First, when I looked back across last year, checking up on predictions I made I realized that I was timid in the sense that I did not make any bold predictions, but instead just talked about how hard making bold predictions can be. I spent the year playing the role of guardian against popular buzz; which is fine, in that that’s the point of this column, but I find myself disappointed that I didn’t take any risks. A New Year’s resolution of sorts is to make some more serious predictions, if only so we can all have a good laugh at how wrong I’ll be by this time next year. But those come next week.
This week: 2012. What happened? It wasn’t a banner year for some new gadget. This wasn’t the year we all joined Facebook, or the year we all bought iPads or the year we all started trusting electronic books. It’s not that nothing happened, and certainly not that the information revolution didn’t keep, well, revoluting, but there wasn’t some obvious anchor like there has been in years past. Let’s begin with what didn’t happen:
Facebook didn’t implode, is still worth more than Disney: It isn’t so much that the people who said Facebook was overvalued were wrong, just that those who reveled in some schadenfreude fantasy of Facebook swirling down the toilet were sorely disappointed. Even if overvalued, the demise of Facebook was just one of those stories that certain people wanted to believe. The less cynical version of this story was that Google+ would overtake Facebook. It certainly isn’t unwise to put faith in a Google product, but Facebook still holds the reins. I admit Facebook tends toward the more mundane class of social interactions, but the writing is on the wall; millions of people sink hours a day into this service, and Facebook, (not Google), is the company positioned to monetize social media in new ways if it ever comes to it.
Voice recognition still Star Trek: A quieter but persistent tech prediction for 2012 was the rise of voice recognition. While hardly the far off dream it used to be, it seems there isn’t the industry push to make this common. I feel this is a fun prediction to make because the last few years have been about departing from conventional WIMP interfaces. What is less obvious is exactly how to design a voice interface such that it is more pleasant than a touch tablet. I repeat: the success of voice recognition has less to do with the technology itself and more to do with design. These things are likely coming soon, but correctly picking the year ahead of time is going to be hard.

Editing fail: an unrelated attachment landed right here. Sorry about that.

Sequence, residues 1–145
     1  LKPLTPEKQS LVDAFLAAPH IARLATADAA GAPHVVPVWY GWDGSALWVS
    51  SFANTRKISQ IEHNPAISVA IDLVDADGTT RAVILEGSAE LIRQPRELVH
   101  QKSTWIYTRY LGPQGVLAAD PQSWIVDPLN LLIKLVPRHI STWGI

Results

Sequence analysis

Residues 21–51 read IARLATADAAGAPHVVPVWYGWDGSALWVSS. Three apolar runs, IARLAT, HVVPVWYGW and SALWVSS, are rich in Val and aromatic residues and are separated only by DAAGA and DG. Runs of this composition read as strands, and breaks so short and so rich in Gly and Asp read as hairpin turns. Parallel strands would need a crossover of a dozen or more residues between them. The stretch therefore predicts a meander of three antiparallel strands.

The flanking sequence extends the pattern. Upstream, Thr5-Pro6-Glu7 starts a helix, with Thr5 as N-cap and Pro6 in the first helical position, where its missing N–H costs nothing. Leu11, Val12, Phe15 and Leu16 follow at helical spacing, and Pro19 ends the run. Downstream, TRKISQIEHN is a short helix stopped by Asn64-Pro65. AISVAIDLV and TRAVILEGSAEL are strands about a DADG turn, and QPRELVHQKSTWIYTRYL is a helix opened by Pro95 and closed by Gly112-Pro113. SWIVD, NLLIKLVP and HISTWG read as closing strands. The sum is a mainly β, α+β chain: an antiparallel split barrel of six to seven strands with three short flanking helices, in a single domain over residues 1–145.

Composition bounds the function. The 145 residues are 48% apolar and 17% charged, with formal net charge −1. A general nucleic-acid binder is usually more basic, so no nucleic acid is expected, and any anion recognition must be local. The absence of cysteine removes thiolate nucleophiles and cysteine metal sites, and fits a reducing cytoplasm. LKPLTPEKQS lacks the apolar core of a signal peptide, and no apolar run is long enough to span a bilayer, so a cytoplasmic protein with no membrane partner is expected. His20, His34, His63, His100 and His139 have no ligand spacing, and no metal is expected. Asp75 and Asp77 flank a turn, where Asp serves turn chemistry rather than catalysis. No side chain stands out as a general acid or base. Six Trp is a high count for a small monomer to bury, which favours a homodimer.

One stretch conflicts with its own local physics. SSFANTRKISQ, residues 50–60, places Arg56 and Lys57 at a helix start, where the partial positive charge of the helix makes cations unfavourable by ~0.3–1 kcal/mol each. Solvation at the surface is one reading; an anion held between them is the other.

Tablets still tablets: Buzz last year was that tablets would get smaller or cheaper, or there would be more success from tablet/phone hybrids. In retrospect it seems natural that, having bought into this new platform wholesale, that consumers would rather have spent the year doing new things with the platform, rather than investing in new hardware again. The line between tablet and smart phone will continue to blur, but it will be a more gradual change.
Cloud computing stricken from the buzzword list: In this case, the popular prediction was the implosion of the cloud-computing venture capital market, and was in some senses correct. We avoided any catastrophic headlines, but at the same time, “the cloud” is much less of a marketing gimmick than it was this time last year. Considering that all “the cloud” ever was was just the notion that we’d be trusting more and more of our information to the Internet, it isn’t so much that cloud computing is dead, (because in any honest sense, it never will be), but that all the squawking about that distinction between what is on your machine and what is in the cloud is just not something that affects most user experiences. It is an invisible distinction, and a transition that will happen gradually. To declare that cloud computing is dead is to fundamentally misunderstand what cloud computing is all about, but the days of cloud computing being a common buzzword are behind us. The business owrld will continue ot move in this direction, but consumers will no longer have to hear about during a commercial break.
So what did happen? I would say the year can be marked by one significant, if subtle, change.
The widespread adoption of streaming video services: This was the year in which it started to feel more normal to watch television on a computer screen than on an actual television. Some would say this reality was forestalled by some unpopular decisions made by streaming giant Netflix back in 2011, but here we are now. The entertainment industry is hardly shaken, (yet), but it is clear that on-demand video is going to stick around only get more popular. The streaming industry survived the setbacks it faced in 2011 and one can no longer pretend that this market is unreliable or otherwise faddish. What does this mean for the future? Well, answering that sounds a lot like a prediction, and for that, you will have to wait until next week.